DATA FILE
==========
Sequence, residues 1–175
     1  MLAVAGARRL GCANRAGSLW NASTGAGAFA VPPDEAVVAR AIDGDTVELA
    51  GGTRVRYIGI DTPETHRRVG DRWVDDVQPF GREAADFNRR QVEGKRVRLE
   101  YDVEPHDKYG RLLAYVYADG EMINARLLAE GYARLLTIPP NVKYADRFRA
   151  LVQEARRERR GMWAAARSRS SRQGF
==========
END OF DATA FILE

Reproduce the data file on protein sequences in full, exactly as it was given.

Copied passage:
Sequence, residues 1–175
     1  MLAVAGARRL GCANRAGSLW NASTGAGAFA VPPDEAVVAR AIDGDTVELA
    51  GGTRVRYIGI DTPETHRRVG DRWVDDVQPF GREAADFNRR QVEGKRVRLE
   101  YDVEPHDKYG RLLAYVYADG EMINARLLAE GYARLLTIPP NVKYADRFRA
   151  LVQEARRERR GMWAAARSRS SRQGF